Retiring a Guide Dog

I think the hardest thing about having a guide dog is probably their retirement. The average guide dog works for about seven years, so most handlers have to go through this process several times in their lives. There are three basic reasons that a guide dog retires. The most common is age. Just like with people, dogs eventually get too old to do the work of a guide dog. For most dogs this is about 9 or 10 years old. Another reason for retiring a guide dog is health. Some dog develop health problems that make it difficult or impossible to work. The last reason is some dogs just decide they don’t want guide anymore and are ready for the more relaxed life of being a pet. This is sometime brought on by stress or a traumatic incident while working as a guide dog.

Whatever the reason for retiring a guide it is a difficult and painful process for the handler. Guide Dogs for the Blind has a blog set up for “remembering the people and dogs of Guide Dogs for the Blind.” Some of the most resent post include:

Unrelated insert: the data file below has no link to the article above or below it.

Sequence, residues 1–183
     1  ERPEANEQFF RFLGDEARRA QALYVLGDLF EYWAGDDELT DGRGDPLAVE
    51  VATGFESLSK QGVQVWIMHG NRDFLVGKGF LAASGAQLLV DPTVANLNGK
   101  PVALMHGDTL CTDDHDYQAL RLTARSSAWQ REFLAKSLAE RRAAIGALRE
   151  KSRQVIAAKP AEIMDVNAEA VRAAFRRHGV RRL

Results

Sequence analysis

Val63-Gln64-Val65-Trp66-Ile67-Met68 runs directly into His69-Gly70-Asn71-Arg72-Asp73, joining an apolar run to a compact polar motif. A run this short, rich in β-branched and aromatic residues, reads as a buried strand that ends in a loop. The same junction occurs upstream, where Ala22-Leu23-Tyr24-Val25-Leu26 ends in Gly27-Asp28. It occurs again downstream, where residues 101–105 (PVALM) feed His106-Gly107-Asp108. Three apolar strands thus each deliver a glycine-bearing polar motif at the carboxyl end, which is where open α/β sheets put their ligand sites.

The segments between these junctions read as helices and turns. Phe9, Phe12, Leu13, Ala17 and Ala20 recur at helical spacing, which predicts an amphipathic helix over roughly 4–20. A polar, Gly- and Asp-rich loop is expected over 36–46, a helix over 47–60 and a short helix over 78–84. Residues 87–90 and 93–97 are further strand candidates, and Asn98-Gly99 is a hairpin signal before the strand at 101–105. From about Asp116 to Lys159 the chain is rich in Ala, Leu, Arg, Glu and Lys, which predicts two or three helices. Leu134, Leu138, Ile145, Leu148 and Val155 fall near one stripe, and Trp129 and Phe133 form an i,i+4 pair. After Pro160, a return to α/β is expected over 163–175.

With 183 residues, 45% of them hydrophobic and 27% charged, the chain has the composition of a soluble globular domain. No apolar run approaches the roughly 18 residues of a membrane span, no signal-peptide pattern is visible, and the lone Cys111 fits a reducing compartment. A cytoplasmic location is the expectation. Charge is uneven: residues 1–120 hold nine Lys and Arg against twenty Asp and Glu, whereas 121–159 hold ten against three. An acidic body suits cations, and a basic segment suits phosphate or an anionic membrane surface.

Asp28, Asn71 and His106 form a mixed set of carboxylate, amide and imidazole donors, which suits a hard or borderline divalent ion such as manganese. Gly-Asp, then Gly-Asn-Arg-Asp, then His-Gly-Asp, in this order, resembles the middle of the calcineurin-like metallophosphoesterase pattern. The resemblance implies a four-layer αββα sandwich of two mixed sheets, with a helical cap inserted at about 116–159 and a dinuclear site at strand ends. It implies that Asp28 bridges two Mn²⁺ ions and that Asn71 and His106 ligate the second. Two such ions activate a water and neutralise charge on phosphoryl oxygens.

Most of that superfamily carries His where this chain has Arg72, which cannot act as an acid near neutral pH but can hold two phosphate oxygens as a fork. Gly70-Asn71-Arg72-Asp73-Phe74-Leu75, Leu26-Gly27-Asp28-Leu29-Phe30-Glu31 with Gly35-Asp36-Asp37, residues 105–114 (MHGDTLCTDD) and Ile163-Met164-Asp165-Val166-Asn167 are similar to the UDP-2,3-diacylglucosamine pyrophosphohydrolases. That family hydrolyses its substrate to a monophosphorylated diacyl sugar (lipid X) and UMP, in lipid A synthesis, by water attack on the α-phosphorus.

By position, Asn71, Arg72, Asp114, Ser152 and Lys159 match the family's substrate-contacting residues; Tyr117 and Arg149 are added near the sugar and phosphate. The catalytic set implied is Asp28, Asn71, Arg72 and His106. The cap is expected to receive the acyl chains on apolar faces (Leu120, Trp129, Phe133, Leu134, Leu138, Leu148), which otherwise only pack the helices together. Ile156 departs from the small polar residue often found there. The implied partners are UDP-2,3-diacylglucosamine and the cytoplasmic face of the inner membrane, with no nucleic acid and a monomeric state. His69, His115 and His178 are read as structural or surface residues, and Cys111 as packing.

Marly: Gone But Not Forgotten (a tribute by Juliet Cody to her first guide dog)

One of the Greatest Guide Dog Retirement Jobs Ever! (the story of guide dog Leslie and the second career her family found for her when she had difficulty with retirement)

Mathew: The Dog with a Heart of Gold (this dog was retired early due to sever allergies)

Remembering Havarti (tender story of a very short career)

Thank You, Firestone (short poem)

I encourage you to take some time and read about the impact these amazing dogs have on the lives of those they come in contact with.


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